Trudeau says orderly immigration system is needed, after deaths of eight migrants
Prime Minister Justin Trudeau is reiterating the importance of an orderly immigration system as police investigate the deaths of eight migrants, including two toddlers, in the Mohawk territory of Akwesasne last week.
Last month, Canada negotiated a deal with the United States to turn away asylum seekers at unofficial border crossings like Roxham Road, closing a long-standing loophole in the Safe Third Country Agreement.
The deal means people will be turned away from the border no matter where they try to cross. The aim is for people to make their asylum claim in the first country they land in, whether it be Canada or the United States.
Migrant advocates warned the new rules would push people to take even greater risks in their efforts to cross the border, like using smugglers and moving to even more remote crossings.
A week later, the bodies of eight people were pulled from the St. Lawrence River after they tried to make it into the U.S. from Canada by boat.
The prime minister called the deaths a tragedy, but said Canada needs to maintain public confidence in the immigration system.
“When people take risks to cross our borders in an irregular fashion or if they pay criminals to get them across the border, this isn’t a system we can have confidence in,” Trudeau said in French at a press conference in Val-d’Or, Que.
Canada is prepared to welcome more immigrants than ever, he said, “but we’re going to make sure that it’s done in the right ways, appropriately.”
The government’s immigration plan says between 410,000 and 505,000 people will become permanent residents this year, which would be the highest number in recent history.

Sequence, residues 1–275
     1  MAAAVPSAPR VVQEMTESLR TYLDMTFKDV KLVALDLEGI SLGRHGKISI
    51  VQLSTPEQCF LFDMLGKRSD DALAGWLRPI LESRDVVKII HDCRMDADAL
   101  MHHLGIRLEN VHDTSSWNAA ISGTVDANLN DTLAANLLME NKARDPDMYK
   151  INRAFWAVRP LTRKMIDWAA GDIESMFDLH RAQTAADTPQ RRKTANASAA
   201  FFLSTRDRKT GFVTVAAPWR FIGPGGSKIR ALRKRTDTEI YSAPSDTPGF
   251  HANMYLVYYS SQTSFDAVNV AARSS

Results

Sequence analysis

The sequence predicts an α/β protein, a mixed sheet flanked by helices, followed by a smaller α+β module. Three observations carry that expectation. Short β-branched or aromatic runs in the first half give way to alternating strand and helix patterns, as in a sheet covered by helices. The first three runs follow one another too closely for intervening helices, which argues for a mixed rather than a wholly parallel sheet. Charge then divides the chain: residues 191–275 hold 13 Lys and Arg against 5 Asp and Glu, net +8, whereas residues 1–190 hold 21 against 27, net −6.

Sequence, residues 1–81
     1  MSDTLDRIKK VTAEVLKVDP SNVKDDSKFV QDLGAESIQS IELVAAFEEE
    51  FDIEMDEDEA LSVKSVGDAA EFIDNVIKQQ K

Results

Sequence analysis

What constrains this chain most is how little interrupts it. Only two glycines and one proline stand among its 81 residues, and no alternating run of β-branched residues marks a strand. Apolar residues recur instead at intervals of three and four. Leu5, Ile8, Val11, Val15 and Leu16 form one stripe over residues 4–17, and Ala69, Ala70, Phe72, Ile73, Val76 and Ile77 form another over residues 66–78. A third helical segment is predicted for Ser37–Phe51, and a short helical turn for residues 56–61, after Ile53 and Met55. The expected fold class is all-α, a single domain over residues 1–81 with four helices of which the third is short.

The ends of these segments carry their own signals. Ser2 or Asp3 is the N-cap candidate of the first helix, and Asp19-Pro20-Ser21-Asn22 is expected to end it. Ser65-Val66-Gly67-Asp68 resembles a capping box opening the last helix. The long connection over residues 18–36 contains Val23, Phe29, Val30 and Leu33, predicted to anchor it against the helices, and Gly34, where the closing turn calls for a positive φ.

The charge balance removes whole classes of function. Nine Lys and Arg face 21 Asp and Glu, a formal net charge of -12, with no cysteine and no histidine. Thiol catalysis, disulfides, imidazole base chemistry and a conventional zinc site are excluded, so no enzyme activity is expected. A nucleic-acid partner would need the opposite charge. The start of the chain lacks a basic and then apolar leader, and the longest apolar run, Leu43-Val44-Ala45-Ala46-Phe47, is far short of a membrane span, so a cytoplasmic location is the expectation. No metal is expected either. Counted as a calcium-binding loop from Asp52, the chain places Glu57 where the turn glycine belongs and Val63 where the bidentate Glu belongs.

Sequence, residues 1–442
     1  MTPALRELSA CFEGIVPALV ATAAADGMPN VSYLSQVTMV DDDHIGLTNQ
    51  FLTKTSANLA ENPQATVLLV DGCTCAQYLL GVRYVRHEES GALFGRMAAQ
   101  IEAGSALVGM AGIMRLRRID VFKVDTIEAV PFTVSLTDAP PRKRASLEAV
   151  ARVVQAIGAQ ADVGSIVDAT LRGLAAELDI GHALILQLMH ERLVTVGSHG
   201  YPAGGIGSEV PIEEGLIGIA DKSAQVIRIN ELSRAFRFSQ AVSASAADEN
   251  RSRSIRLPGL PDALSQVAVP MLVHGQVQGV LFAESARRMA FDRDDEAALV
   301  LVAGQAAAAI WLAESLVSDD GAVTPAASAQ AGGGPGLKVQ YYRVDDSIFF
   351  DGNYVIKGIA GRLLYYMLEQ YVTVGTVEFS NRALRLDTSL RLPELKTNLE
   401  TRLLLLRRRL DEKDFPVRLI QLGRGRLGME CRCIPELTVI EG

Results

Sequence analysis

But since COVID-19 border restrictions lifted in 2021, the number of asylum claims has significantly surpassed pre-pandemic levels. Cities and provinces, particularly Quebec, have said the number of families claiming asylum have put pressure on local services.
Despite the recent clampdown at the border, the federal government set aside $1 billion for temporary shelter and health-care coverage for asylum seekers.
NDP immigration critic Jenny Kwan called on the government to suspend the Safe Third Country Agreement Monday, saying it was negotiated in secret and without consultation.
“I do fear that people will die,” said Kwan at a press conference at the irregular border crossing near Emerson, Man.
She was joined by Seidu Mohammed, a bisexual man from Ghana, whose asylum claim was rejected in America. He spent a year in immigration detention before he crossed into Canada through an irregular border crossing.
If he didn’t, he fears he would have been deported to Ghana where sexual acts between consenting people of the same gender is against the law and people who identify as LGBTQ face discrimination and violence.
Mohammed said he was terrified when he heard about the new policy.
“It’s going to put a lot of immigrants and refugees in danger, and they’re going to lose their lives from this,” he said.
Immigration Minister Sean Fraser called the deaths of the migrants in Akwesasne horrific, and said they have caused him to think about changes.
“I don’t have an announcement on a policy change today, but I can reassure you that I’m thinking very deeply about what shifts we ought to be making in Canada,” he said, reflecting specifically on the fact that the two children who died had Canadian passports.
The children were one and two years old.
Fraser said the government is looking at putting money toward some of the root causes that push people to make perilous journeys through irregular border crossings in the first place, but repeated the prime minister’s message about the importance of an orderly system.
“We want to do what we can to promote opportunities for people to come through regular pathways so they know that they’re going to be able to arrive in Canada safely, whether that’s through our refugee programs, whether that’s through our economic programs to be reunited with their families,” Fraser said at a press conference in Calgary.
This report by The Canadian Press was first published April 3, 2023.
— With files from Bill Graveland in Calgary
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